Twenty years ago (already!), I belonged to an activist church with a woman minister, gay leaders, and a social justice agenda. I chose it and similar organizations because my life of getting and spending, work and amusement, politics and personal life, felt empty and insufficient. So I took up a two-stranded way, spiritual and political, protests and potlucks, rallies and fund raisers, services and singing, meetings and celebrations. The church became an important community to me, but I needed further growth. Let me illustrate:
Our church owned and rented a tiny house to a woman and her teenaged son who were not parishioners. I lived close by, so they were my neighbors though I didn’t know their names and never introduced myself. At some point, I heard, the woman became ill with cancer, and then she died. Her son held a garage sale to raise funds; I browsed, but saw nothing I wanted and, with a vaguely uneasy feeling, walked away. Some weeks later, he came around selling Ginsu knives. I didn’t need knives, so I didn’t buy any. I don’t remember how many other attempts he made, but eventually he couldn’t make the rent and had to move out. That was the end.
At some point, I came to view this incident with horror, remembering my lack of response, the feeling I had that the situation was too bad but not my concern. I was focused on grand causes, so many ways to change the world that I could not help a neighbor even when he knocked at my door. Did it matter that I didn’t need an old kettle or Ginsu knives? Why couldn’t I have given money? Why couldn’t our whole church have put our heads and resources together to help? I’m sad and disappointed that our bottom line, the rent, prevailed over loving our neighbor and caring for the orphan, a literal neighbor, a literal orphan. It was almost a test case for living by principle, and I failed it. I remained passive (though sympathetic) in the face of need and pain; I often wonder if that struggling son thought, Churches and their ” love”: what a joke.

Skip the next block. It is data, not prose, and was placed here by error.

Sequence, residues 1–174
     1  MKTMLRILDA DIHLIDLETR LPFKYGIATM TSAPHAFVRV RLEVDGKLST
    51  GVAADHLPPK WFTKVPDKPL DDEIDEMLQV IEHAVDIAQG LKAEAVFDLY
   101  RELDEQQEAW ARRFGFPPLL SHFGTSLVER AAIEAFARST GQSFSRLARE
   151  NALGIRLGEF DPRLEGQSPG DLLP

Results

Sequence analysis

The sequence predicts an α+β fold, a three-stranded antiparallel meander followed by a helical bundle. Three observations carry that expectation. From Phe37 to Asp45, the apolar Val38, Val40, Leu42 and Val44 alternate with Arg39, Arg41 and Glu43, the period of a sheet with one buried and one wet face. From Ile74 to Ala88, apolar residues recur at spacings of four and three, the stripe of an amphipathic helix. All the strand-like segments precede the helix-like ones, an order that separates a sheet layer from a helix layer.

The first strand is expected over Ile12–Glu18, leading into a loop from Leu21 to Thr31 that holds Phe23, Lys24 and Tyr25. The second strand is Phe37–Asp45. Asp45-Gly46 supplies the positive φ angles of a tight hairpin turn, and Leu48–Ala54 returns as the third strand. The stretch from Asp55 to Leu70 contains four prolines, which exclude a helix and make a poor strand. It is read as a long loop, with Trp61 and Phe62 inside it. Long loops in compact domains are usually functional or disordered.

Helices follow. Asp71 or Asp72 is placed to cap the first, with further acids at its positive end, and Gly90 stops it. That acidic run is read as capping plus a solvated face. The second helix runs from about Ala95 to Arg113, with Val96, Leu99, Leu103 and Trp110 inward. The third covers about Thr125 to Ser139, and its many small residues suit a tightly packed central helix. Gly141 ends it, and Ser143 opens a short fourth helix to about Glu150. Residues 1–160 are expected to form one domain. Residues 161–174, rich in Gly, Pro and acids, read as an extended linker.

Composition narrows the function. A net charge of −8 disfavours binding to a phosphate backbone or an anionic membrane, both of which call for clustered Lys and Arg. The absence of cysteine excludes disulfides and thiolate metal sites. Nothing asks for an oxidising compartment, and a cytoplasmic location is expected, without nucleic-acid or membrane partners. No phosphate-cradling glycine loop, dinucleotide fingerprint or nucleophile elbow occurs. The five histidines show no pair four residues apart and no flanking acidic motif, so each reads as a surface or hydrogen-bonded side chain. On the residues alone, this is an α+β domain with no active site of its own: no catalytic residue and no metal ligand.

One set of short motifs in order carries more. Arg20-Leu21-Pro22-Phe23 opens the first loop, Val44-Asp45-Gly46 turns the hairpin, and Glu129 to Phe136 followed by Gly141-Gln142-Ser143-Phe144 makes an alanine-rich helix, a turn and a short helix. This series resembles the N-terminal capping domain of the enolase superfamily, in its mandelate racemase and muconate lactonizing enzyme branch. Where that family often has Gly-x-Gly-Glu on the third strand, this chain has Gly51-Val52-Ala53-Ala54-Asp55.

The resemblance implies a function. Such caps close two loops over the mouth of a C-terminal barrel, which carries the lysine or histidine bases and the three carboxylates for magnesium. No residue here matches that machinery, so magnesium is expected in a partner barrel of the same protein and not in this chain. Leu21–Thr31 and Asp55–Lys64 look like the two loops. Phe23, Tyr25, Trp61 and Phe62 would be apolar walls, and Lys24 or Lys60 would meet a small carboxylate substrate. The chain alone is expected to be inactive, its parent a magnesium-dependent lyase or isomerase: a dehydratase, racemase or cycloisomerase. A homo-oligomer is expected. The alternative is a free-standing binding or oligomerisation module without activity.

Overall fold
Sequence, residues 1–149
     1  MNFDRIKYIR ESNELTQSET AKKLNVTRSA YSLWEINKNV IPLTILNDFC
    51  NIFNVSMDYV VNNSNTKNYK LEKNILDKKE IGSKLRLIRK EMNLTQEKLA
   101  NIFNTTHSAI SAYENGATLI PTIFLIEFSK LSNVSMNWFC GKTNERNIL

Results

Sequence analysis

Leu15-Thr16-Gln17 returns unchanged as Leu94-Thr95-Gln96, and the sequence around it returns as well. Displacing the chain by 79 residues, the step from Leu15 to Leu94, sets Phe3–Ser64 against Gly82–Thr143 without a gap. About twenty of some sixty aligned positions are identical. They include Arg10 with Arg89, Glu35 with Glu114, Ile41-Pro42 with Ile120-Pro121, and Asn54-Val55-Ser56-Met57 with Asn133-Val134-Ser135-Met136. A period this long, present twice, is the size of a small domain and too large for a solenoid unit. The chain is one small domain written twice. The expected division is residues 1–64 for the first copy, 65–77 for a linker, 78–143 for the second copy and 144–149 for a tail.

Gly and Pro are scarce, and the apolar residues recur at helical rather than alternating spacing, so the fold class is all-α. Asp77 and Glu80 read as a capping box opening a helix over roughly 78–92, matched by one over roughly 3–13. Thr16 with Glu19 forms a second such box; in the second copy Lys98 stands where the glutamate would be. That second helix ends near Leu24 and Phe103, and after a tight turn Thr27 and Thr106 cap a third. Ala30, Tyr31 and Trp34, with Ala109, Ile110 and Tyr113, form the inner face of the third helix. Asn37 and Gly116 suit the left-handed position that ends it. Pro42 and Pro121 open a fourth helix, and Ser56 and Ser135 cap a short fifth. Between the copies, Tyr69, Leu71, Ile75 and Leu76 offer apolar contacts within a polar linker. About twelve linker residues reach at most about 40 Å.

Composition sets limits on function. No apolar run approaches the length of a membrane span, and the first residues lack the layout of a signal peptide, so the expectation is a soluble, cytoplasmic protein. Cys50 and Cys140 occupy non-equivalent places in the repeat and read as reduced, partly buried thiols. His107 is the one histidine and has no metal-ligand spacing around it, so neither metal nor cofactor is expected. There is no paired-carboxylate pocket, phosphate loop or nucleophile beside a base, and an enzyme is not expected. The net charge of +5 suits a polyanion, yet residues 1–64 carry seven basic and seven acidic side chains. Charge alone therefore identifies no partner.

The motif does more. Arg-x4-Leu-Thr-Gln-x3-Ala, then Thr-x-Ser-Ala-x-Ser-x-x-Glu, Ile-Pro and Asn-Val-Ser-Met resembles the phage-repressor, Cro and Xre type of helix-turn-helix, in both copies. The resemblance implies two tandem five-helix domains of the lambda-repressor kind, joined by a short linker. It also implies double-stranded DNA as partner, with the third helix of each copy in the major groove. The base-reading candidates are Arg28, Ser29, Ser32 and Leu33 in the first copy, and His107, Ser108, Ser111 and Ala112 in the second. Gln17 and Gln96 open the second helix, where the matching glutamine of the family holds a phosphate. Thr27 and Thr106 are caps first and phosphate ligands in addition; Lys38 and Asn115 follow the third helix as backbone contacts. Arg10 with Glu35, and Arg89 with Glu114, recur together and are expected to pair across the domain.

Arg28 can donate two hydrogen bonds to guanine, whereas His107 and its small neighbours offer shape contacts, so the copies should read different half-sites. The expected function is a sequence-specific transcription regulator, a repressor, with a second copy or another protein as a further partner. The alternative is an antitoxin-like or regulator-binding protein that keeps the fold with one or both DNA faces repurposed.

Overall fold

Big changes came about in both my personal and organizational life. I began to pay more attention. Those were the Reagan years when one effort after another came to heartbreaking failure. I began to ask the question: with all my hours of effort, all my meetings, whom exactly have I helped? Could I name one individual? I couldn’t – outside of family members. I became convinced that I needed to integrate long-term efforts with short-term acts and daily responses to unexpected opportunities, the kind that arise when heart and eyes are open. I wanted my destination and my journey to match. It’s a goal I still pursue.
This and my future posts on Tikkun Daily, then, represent an effort to remind myself and others of what small groups or individuals are doing right now and can do to heal and mend our local worlds, to celebrate the wonderful efforts we imperfect humans are capable of . May it strengthen us to– as the great French socialist, Jean Jaurès, put it –”live every day in a socialist state of grace,” to live now the battle that is “never won and never lost.”
Blessings on the journey!
Spotlight on Immigrant Service Day, August 29, 2009